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Peeks and Piques!
Representational Art
ART TIMES May 2007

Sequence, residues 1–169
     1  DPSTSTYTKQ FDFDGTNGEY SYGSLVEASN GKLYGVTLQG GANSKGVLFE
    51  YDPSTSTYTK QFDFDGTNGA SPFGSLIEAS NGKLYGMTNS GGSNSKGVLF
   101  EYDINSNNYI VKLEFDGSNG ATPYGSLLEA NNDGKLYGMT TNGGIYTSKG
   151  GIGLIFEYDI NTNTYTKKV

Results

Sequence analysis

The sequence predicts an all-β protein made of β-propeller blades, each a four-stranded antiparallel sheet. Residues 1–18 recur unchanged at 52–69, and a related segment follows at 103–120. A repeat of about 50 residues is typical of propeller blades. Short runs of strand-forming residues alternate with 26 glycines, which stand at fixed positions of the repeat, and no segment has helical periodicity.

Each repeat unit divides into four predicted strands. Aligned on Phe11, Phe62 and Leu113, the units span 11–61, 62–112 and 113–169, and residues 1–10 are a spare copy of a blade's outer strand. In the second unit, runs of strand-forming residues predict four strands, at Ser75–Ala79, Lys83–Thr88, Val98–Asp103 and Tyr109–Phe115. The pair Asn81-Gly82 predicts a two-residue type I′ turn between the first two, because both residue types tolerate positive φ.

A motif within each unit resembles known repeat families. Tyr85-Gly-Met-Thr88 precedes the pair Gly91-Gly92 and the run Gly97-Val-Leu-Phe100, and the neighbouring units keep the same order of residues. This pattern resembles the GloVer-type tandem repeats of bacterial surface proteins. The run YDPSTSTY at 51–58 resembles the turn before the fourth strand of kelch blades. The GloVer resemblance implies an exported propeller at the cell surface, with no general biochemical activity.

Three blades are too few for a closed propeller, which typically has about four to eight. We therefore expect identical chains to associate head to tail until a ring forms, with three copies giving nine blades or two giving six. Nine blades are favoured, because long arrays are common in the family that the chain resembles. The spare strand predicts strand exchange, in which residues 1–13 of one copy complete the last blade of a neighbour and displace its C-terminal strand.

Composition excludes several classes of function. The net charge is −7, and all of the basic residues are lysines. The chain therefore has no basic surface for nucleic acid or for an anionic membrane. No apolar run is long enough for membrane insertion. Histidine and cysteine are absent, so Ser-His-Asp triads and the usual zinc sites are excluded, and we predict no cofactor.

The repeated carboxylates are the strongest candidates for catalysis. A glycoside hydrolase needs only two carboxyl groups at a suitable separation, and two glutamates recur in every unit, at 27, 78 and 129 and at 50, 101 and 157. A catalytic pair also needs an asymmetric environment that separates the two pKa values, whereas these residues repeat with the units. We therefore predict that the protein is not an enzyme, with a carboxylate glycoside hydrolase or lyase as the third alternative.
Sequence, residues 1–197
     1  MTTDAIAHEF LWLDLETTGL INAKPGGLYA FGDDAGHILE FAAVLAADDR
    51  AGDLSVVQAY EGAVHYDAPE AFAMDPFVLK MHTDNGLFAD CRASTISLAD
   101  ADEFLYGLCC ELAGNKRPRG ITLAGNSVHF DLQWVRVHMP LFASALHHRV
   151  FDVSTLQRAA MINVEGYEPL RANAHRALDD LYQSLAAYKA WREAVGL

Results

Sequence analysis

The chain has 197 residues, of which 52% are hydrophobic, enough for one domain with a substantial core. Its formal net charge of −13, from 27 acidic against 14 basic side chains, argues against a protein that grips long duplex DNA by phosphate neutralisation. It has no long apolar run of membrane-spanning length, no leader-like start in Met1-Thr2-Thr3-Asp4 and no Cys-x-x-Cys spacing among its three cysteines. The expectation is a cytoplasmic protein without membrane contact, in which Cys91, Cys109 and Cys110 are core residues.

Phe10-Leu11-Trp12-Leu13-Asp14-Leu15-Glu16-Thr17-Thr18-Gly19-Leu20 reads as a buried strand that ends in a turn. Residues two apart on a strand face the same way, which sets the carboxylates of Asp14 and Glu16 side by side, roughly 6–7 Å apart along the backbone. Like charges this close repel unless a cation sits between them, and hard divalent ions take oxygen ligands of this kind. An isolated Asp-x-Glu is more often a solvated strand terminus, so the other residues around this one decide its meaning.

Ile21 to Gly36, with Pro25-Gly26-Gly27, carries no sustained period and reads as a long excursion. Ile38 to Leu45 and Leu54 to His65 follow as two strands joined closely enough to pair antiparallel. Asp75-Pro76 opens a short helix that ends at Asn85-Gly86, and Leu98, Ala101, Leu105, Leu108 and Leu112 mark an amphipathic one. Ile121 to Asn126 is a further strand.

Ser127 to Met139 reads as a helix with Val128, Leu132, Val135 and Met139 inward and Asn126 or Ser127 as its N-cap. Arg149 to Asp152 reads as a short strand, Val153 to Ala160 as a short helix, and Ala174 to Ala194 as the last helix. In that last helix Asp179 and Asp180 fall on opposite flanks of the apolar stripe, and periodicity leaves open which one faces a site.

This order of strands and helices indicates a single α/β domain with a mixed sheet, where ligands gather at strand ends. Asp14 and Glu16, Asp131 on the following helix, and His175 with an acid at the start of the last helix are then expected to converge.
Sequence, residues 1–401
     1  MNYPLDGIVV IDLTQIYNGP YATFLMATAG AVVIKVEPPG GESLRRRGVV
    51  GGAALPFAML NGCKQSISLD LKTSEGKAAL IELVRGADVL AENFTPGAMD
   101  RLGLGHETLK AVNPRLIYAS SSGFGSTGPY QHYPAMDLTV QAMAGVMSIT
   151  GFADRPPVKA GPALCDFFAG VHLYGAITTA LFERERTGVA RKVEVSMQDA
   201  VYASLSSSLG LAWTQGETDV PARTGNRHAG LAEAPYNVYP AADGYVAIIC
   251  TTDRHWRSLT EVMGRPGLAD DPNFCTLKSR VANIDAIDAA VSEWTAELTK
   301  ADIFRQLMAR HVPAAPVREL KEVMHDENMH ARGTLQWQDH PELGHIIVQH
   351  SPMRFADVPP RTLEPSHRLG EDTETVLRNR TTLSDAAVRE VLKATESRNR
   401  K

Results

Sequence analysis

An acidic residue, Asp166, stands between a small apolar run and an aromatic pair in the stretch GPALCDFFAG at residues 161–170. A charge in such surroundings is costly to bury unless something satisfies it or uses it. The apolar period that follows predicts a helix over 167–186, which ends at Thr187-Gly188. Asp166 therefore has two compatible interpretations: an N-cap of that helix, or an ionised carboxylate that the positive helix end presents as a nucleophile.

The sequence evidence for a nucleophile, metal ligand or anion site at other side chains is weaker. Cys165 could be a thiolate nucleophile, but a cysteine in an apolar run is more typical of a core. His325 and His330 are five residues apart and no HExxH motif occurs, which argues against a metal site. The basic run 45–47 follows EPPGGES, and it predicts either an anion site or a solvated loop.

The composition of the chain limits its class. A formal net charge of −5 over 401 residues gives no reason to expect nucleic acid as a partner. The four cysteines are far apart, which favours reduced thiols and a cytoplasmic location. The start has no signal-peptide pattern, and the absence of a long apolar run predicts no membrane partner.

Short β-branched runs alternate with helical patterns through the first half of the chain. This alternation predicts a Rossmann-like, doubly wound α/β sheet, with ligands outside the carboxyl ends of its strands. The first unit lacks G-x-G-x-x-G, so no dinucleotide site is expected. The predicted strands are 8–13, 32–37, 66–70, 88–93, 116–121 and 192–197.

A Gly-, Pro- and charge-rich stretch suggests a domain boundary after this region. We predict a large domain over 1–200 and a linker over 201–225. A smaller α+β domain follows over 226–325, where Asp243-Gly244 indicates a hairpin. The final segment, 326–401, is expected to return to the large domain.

REPRESENTATIONAL PAINTERS have long struggled with the difficulty of presenting 3-dimensional objects on 2-dimensional surfaces. A host of techniques have been discovered and passed down — “tricks”, if you will, of the trade — that bring about the illusion of “reality” to appear as if by magic under the skillful use of pencil, pen, charcoal, pastel stick, conté crayon, or brush. A Dürer drawing of a rabbit, an Ingres nude, a Chardin vase, or a Venetian vista by Canaletto, for example, “fool” the eye into accepting them as tangible “in-the-round” objects or scenes. Largely sloughed off as pure and simple “gimmickry” by those strictly adhering to modernist theories of “pure” art, the fact remains that trained draftsmanship — the common term for representation — is still a skill beloved by many artists and one that continues to elicit admiration on the part of a great many viewers of art. A well-rendered still life, a recognizable human likeness, a believable city- or landscape, is still able to halt the gallery-goer or Museum muser for a closer look and, more often than not, a silent sigh of satisfaction. The satisfaction, I fully believe, is warranted. Until and unless one actually attempts verisimilitude in reproducing a 3-dimensional world in a 2-dimensional format, it is simply too easy to pass if off as a negligible accomplishment on the part of the representational artist. Capturing even the relatively simple shape of a hen’s egg in a drawing or painting can prove to be a daunting task. Try it! When one moves from objects to, say, street scenes or landscapes the task is compounded a hundred- or a thousand-fold (because objects are multiplied, of course). Furthermore, a bowl is a relatively static form — a human face, less so, but still maintaining a continuity of features over a period of time. Street scenes, however, like natural vistas, are almost in constant flux—one might create a plausible “likeness” of a given neighborhood with certain buildings, street signs, and streets or some rural scene containing landmark natural features such as trees, lakes, hills, or streams — but they can only approximate what actually lies before one’s eyes. An amateur but avid landscape painter myself, I am fully aware of the hazards of trying to paint a recognizable piece of nearby countryside. Like many of my fellow plein air artistes, I fudge, of course. There is a famous story of Camille Pissarro being questioned by an on-looking peasant as to why he had painted three trees on his canvas when, in fact, there were only two in front of him. “Look behind you,” said Pissarro. His “fudge” was to place the tree where he wanted it in the interest of making a more pleasing composition — a practice that all artists are familiar with. You are, after all, making a painting and not shooting a photograph. Moving an entire tree, however, is merely a more obvious “trick” that landscape artists have learnt over the years. Though a distinctively-shaped mountain might demand some precision in draftsmanship, it is well-nigh impossible, for example, to reproduce every branch, every leaf, every stem — so “tricks” of suggestive leaf-filled limbs or open fields of grass are employed. A slice of living nature, in any event, is never an easy subject, no matter how accomplished the landscape painter. My own bugaboo is the very season we now find ourselves just entering. Carting my Julien easel and colors out in the merry, merry months of April, May and June most often end up for me in an acute case of frustration. Although I love to paint a snowed-in field with an ice-fringed stream running through it, an autumnal vista, or a summer, sun-drenched forest-floor, the idea of competing with Nature while it is itself in a full-fledged creative explosion of burgeoning life, almost always immediately drives me indoors with my tail between my legs to turn to my real work — writing! So, whatever you may think about representational art, please just remember this — it ain’t as easy as some masters are able to make it look — or as some of its detractors might want you to believe. A few minutes with a pencil and paper in front of that deceptively simple egg could just prove my point.